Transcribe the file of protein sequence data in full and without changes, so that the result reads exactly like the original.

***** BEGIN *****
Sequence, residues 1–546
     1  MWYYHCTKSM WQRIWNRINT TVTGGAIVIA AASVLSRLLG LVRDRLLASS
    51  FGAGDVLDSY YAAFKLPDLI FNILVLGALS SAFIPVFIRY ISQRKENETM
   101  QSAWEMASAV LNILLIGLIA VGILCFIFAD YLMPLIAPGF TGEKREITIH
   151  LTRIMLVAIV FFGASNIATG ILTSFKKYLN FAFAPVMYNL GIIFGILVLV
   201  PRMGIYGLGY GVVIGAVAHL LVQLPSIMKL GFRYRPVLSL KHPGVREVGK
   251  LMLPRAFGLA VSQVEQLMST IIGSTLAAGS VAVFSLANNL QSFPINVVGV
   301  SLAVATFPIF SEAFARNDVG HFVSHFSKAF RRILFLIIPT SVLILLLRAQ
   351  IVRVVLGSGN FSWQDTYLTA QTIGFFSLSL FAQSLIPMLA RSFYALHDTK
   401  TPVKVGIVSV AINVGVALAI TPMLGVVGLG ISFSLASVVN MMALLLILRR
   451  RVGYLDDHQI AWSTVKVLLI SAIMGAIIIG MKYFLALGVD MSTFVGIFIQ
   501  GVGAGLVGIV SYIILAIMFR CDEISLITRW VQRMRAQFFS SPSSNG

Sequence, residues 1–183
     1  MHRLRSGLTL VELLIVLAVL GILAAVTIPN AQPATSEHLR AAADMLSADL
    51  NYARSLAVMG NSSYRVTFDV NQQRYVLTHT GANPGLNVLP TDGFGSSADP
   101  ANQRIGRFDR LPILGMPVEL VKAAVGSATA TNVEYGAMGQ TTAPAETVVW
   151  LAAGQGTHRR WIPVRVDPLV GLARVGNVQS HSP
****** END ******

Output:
Sequence, residues 1–546
     1  MWYYHCTKSM WQRIWNRINT TVTGGAIVIA AASVLSRLLG LVRDRLLASS
    51  FGAGDVLDSY YAAFKLPDLI FNILVLGALS SAFIPVFIRY ISQRKENETM
   101  QSAWEMASAV LNILLIGLIA VGILCFIFAD YLMPLIAPGF TGEKREITIH
   151  LTRIMLVAIV FFGASNIATG ILTSFKKYLN FAFAPVMYNL GIIFGILVLV
   201  PRMGIYGLGY GVVIGAVAHL LVQLPSIMKL GFRYRPVLSL KHPGVREVGK
   251  LMLPRAFGLA VSQVEQLMST IIGSTLAAGS VAVFSLANNL QSFPINVVGV
   301  SLAVATFPIF SEAFARNDVG HFVSHFSKAF RRILFLIIPT SVLILLLRAQ
   351  IVRVVLGSGN FSWQDTYLTA QTIGFFSLSL FAQSLIPMLA RSFYALHDTK
   401  TPVKVGIVSV AINVGVALAI TPMLGVVGLG ISFSLASVVN MMALLLILRR
   451  RVGYLDDHQI AWSTVKVLLI SAIMGAIIIG MKYFLALGVD MSTFVGIFIQ
   501  GVGAGLVGIV SYIILAIMFR CDEISLITRW VQRMRAQFFS SPSSNG

Sequence, residues 1–183
     1  MHRLRSGLTL VELLIVLAVL GILAAVTIPN AQPATSEHLR AAADMLSADL
    51  NYARSLAVMG NSSYRVTFDV NQQRYVLTHT GANPGLNVLP TDGFGSSADP
   101  ANQRIGRFDR LPILGMPVEL VKAAVGSATA TNVEYGAMGQ TTAPAETVVW
   151  LAAGQGTHRR WIPVRVDPLV GLARVGNVQS HSP